Najdi Arabic Language Data
Najdi is one of the three main Arabic dialects spoken in Saudi Arabia, along with Hejazi and Gulf Arabic. Out of the three main sub-dialects (Northern, Central and Southern Najdi), the Central variant is the one spoken in Riyadh and is the most widely used.
As with Modern Standard Arabic, the main orthographic convention for Najdi is to omit tashkil (used to indicate short vowels), and to include only consonant marking (i’jam) to indicate long vowels.
Volume of Language Data
Total number of forms
The total number of forms is approximately 18,000,000
The following is a breakdown of the approximate number of forms in the Najdi Arabic Language Data:
- Non-inflectional morphology:
- About 1,000 forms for determiners, pronouns, prepositions…
- Note: this will include forms constructed using the pronominal suffixes, but will not include definite article or any other prefixes.
- Inflectional and derivational morphology:
- Verbs: 1,000,000 forms
- Nouns: 750,000 forms
- Adjectives: 250,000 forms
Total number of lemmas
The data contains all the forms, lemma, POS and morphological attributes (voice, tense, mood, transitivity, number, person, gender, case, state, pronominal-number, pronominal-person and pronominal-gender) for non-inflectional POSs (determiners, pronouns, prepositions…), i.e. POSs not included in features Inflectional and Derivational morphology.
Inflectional Morphology Data
The Lexical Resource for Najdi contains all the forms for all POSs: nouns, verbs, adjectives, adverbs, pronouns, prepositions, conjunctions, numerals and particles.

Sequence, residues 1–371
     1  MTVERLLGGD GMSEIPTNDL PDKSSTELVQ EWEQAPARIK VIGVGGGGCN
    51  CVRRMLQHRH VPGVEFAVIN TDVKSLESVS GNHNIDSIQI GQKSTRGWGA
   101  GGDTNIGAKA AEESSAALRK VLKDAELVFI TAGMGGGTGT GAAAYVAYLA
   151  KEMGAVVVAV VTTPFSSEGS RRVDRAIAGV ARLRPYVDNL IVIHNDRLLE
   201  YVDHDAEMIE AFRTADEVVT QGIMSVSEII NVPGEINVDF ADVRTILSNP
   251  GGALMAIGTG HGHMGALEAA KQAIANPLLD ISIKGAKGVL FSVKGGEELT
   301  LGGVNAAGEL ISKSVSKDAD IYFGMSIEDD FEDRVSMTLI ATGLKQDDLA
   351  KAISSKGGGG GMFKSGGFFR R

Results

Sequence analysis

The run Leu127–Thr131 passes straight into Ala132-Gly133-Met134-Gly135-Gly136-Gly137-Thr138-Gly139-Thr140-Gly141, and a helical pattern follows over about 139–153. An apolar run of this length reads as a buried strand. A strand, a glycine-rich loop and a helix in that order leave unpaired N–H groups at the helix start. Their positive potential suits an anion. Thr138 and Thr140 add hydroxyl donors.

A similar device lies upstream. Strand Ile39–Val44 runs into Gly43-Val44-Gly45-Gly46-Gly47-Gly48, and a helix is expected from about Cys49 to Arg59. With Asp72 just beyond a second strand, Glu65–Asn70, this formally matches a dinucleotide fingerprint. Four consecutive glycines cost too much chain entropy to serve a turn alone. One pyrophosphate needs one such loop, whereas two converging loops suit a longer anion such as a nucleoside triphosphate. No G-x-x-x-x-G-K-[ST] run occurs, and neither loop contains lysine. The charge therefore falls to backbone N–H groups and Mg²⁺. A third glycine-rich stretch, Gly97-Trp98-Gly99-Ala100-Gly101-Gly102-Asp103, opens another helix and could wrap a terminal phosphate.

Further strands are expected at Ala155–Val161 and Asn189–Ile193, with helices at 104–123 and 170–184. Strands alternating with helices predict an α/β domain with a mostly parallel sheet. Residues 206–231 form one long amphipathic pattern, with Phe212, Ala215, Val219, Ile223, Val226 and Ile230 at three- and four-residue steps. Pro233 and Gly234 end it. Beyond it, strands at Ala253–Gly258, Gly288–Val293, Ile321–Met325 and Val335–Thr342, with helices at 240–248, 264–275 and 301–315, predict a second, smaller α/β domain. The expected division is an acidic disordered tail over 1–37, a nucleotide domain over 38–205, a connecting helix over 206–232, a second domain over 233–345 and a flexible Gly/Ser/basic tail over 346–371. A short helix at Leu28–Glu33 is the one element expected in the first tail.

Derivational Morphology Data
It also includes all derivational forms including adjectives derived from nouns (nisba) and verbal nouns or adverbs derived from adjectives.
Extended Morphology Data
The data also covers the result of extending the inflectional and derivational forms lists as a result of considering additional morphological phenomena such as common combinations of productive prefixes.
Complementary Semantic Annotations
Information regarding the usage of specific forms or lemmas is included. Words that are rarely used will be tagged as “rare”. Words borrowed from foreign languages that are not widely understood, or which are only meaningful as part of a larger phrase, will be tagged by Licensor as “foreign”.
Words or spelling variations which are not officially recognized but are widely used in texting communication will be tagged by Licensor as “SMS”.
The data regarding offensive, vulgar and sensitive words with all the lemmas, POS and attributes, is included. Words that are meant to demean or express hatred for a specific person or group based on race, ethnicity, sexual orientation, etc. will be tagged by Licensor as “offensive”.
Words that make explicit and offensive references to sex or bodily functions, or that are rude or in bad taste (including profanity), will be tagged as “vulgar”.
Words that are not themselves offensive or vulgar, but could be part of potentially vulgar, offensive or discomforting phrases will be tagged by Licensor as “sensitive”.
Words that could potentially be vulgar or offensive when used in a particular context will also be tagged by Licensor as “sensitive”.
Categories include the data regarding frequently used words with all the lemmas, POS and attributes. Frequently used words are considered to fall under, and will be tagged by Licensor with, one of the following categories:
- Body part
- Family name
- Female first name
- Greetings (including multi-word expressions)
- Male first name
The data regarding the transitivity of verbs, which determines the applicability of pronominal suffixes to verbal forms, is included.